Clovis Ganza, an independent candidate in the parliamentary elections slated for next week, has said once elected, his focus will be to champion legislation that addresses health and education challenges.
Ganza focuses his campaign on rallying people toward the “well-designed government programmes, which derail in implementation because people are not well-educated of the significance of these programmes.”
One of these programmes, he said, is the community health insurance scheme, commonly known as Mutuelle de Sante.
“It is quite interesting to have all citizens contributing a relatively small fee to access medication for the whole year. But in practice, the programme has many challenges,” Ganza said during a news conference in Kigali on Tuesday.
Ganza said patients spend hours at health facilities waiting for medication and when they succeed to meet the health staff, they are referred to private pharmacies. This way, he added, the genuine goal of health insurance is jeopardised.
Ganza said the few medical staff who give bad image to the health sector personnel by giving poor service should be reprimanded and where need be weeded out
He added, “It is unfortunate that we keep saying that we have few medical staff, while we have a medical school, a health institute and a number of nursing and midwifery schools that keep churning out graduates.”
According to the Rwanda health indicators, the country has 1 doctor per 18,000 inhabitants and 1 nurse per 1,476 inhabitants.
As far as advocacy in education is concerned, Ganza is taking into campaign the latest issue concerning the recent decision to scrap bursary to those university students that have billed as capable of paying for themselves.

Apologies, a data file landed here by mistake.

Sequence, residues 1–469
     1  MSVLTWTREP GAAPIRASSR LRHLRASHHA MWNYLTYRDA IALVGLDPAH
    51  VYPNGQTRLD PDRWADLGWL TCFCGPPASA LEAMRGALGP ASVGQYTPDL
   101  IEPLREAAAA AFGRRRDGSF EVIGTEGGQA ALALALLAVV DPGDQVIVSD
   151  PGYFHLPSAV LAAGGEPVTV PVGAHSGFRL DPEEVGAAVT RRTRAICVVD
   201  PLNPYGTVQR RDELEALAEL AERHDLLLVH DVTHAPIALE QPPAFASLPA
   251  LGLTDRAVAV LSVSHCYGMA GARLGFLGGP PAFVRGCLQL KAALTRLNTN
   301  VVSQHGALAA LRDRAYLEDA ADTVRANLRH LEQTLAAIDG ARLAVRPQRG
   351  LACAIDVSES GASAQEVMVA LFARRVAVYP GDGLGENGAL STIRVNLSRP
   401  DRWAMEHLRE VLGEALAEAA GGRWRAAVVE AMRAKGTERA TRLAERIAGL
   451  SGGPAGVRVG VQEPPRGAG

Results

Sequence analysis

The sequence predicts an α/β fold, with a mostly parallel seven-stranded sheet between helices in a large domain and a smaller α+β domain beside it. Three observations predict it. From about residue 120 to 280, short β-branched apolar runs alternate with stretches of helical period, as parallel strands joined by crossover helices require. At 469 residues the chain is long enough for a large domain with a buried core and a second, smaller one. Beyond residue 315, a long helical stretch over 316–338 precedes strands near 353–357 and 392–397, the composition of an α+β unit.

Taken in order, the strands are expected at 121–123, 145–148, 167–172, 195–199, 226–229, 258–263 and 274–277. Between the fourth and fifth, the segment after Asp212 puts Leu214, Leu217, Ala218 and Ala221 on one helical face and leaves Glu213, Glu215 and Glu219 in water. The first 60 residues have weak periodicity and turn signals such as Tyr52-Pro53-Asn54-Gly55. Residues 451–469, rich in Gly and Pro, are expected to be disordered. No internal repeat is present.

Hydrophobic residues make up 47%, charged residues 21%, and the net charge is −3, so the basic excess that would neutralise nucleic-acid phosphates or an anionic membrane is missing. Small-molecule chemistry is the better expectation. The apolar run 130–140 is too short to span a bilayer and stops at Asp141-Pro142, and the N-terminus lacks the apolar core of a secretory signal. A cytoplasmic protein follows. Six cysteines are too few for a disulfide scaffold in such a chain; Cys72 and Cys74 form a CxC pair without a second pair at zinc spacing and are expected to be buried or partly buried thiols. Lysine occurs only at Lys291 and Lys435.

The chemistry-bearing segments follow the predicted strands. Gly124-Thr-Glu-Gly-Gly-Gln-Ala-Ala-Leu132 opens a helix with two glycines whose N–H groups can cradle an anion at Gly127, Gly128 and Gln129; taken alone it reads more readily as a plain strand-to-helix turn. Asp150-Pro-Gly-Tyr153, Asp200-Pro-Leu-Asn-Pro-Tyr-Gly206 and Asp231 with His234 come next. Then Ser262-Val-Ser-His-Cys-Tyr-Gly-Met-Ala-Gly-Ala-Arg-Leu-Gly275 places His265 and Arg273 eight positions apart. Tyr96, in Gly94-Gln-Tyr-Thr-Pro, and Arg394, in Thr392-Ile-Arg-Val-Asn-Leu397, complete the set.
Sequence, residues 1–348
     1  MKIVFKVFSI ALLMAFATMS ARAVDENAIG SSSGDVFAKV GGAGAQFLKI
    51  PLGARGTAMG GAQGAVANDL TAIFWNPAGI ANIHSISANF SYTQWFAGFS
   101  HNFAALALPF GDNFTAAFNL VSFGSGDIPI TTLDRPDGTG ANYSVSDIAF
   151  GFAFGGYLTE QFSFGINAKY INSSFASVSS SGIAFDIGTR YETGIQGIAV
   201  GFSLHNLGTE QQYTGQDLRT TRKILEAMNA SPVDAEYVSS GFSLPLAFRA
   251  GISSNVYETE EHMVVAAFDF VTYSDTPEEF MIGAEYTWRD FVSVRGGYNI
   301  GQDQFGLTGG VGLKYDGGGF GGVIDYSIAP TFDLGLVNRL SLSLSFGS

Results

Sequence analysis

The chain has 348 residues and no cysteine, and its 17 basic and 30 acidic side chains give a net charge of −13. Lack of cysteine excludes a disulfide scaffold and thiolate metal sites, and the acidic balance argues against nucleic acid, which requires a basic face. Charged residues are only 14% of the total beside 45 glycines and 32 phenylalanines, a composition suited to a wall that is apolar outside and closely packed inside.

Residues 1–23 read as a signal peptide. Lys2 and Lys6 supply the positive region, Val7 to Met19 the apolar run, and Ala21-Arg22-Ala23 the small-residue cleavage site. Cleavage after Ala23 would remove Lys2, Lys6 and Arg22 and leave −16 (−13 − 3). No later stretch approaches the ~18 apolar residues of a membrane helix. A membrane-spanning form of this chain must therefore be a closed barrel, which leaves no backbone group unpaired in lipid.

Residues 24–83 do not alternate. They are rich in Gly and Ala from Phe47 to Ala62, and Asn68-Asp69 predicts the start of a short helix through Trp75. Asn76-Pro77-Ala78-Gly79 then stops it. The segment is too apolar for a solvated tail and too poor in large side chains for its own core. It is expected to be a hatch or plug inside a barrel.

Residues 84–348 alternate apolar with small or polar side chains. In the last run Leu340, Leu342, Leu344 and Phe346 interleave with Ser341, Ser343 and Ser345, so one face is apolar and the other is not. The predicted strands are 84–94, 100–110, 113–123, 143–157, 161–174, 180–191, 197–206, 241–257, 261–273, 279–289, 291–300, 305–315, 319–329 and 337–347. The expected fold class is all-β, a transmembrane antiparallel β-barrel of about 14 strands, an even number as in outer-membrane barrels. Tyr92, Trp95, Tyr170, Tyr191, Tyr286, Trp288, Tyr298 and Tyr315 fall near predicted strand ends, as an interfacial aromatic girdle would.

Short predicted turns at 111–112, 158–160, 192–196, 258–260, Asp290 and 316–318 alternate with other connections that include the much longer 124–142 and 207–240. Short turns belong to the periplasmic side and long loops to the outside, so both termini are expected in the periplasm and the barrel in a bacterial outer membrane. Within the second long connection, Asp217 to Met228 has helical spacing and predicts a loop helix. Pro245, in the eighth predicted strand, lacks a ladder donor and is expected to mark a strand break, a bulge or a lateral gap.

Committees have been instituted at the district level to scrutnise complaints filed by more than 6,000 students who said they cannot afford raising the school fees.
Government role in education
The rationale behind the new move, according to the Ministry of Education, is to make sure parents should finance their children’s tertiary education as the government has a prime role in basic education.
However, Ganza is of the view that “the government should behave like a parent; lets it take prime responsibility of educating Rwandans through the entire process.”
In other programmes, Ganza said he would, once elected, push for a more robust parliamentary diplomacy, mainly to ensure security within the Great Lakes Region.
“Development without peace and security is not possible, and parliament can go a long way in ensuring this,” he said.
“Since they represent citizens, other MPs would listen to our call to advise their government on peace dividends. It is well known that where there is peace, there is business.”
Ganza, 32, a consulting accountant, has a bachelor’s degree from the School of Finance and Banking.
“If elected, I will get a single seat, but my voice in parliament should not be misconstrued as insignificant; many people might not buy your idea at first, but with consistence in giving articulate ideas, you gain a following,” he said.